Throughout November, investors have allocated $ 133 billion in fixed-income assets from exchange-traded funds. This puts the ETFs in bonds at the forefront of the ETFs in equities. The positioning is on an annual basis and is the most serious of the dark days of the financial crisis.
The high cash flow to these ETFs brings significant benefits to two of the industry’s giants: BlackRock’s iShares and Vanguard.
“Vanguard has raised $ 91 billion in cash flow so far this year, with the fund’s market share already 34% after iShares, which is owned by BlackRock and has gained $ 98 billion or a 37% market share.” – Shares CFRA Research Director ETF & Mutual Fund Research Todd Rosenbluth.
By comparison, one of Vanguard’s lagging competitors is Charles Schwab, who has attracted flows for just $ 21 billion. The difference is significant.
Five of the top ten ETFs added new assets that were bonds: two Vanguard funds and three iShares. With its $ 10.33 billion so far, the Vanguard Total International Bond ETF is among the funds, indicating that US investors have an appetite for US bonds.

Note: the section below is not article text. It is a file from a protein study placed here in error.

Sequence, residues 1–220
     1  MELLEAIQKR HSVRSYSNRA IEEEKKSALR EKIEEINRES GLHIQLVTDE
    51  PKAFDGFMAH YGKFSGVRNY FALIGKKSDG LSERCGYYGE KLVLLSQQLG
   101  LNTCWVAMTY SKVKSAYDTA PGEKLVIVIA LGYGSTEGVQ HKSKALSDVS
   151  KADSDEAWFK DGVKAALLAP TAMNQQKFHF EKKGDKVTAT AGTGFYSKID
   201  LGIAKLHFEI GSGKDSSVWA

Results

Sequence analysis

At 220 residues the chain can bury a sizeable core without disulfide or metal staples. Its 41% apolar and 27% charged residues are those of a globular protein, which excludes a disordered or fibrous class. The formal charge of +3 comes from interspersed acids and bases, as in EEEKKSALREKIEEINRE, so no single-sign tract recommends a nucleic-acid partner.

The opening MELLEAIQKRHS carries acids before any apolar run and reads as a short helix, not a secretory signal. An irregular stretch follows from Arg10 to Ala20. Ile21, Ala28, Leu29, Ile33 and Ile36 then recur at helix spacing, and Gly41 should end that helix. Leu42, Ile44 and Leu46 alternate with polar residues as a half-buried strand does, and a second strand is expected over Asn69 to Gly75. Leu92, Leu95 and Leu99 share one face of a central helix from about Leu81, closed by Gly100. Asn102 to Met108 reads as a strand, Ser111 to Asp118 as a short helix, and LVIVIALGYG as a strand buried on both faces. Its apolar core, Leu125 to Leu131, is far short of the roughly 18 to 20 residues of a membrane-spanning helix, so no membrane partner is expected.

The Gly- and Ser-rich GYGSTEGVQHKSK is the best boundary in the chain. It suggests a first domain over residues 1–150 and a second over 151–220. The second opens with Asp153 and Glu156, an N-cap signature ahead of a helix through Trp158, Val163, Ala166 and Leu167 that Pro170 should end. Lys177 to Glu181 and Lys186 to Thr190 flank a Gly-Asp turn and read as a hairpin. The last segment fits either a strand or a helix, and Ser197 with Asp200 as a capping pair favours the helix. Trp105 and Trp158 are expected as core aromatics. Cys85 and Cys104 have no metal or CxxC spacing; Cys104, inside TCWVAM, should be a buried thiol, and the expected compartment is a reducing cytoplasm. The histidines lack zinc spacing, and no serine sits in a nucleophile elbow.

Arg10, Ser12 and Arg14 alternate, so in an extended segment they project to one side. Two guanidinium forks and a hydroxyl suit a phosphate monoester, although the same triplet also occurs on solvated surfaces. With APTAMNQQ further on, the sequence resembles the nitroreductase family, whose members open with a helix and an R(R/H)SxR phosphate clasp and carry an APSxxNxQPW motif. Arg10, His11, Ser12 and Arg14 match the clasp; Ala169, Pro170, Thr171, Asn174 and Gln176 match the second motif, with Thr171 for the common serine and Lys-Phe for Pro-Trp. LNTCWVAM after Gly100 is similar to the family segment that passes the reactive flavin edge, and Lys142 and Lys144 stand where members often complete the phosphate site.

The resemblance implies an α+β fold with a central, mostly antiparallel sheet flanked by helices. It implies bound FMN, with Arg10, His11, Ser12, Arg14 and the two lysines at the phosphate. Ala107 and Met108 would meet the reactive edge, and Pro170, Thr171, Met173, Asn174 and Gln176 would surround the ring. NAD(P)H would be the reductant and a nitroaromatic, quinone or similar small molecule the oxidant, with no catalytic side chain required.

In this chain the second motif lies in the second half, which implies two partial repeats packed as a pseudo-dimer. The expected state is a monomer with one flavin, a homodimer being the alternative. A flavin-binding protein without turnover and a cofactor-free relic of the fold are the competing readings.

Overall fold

Backed by BNDX and BND, as well as iShares MBS (MBB), ETFs tied to the Bloomberg Index have raised $ 62 billion, most among index companies. In bond funds rather than equities, managers are more likely to fail to mention the provider of the index or the name of the investment product.
While iShares and Vanguard consolidate their positions as leading exchange-traded funds, there is still hope for other participants. Most notably among those most recognized as Goldman Sachs and JPMorgan Chase, two small but growing ETF players.
The Goldman Sachs ActiveBeta US Large Cap Equity ETF and JPMOrgan Ultra – Short Income ETF are among the 40 products with the highest cash flows for 2019.
Trader Martin Nikolov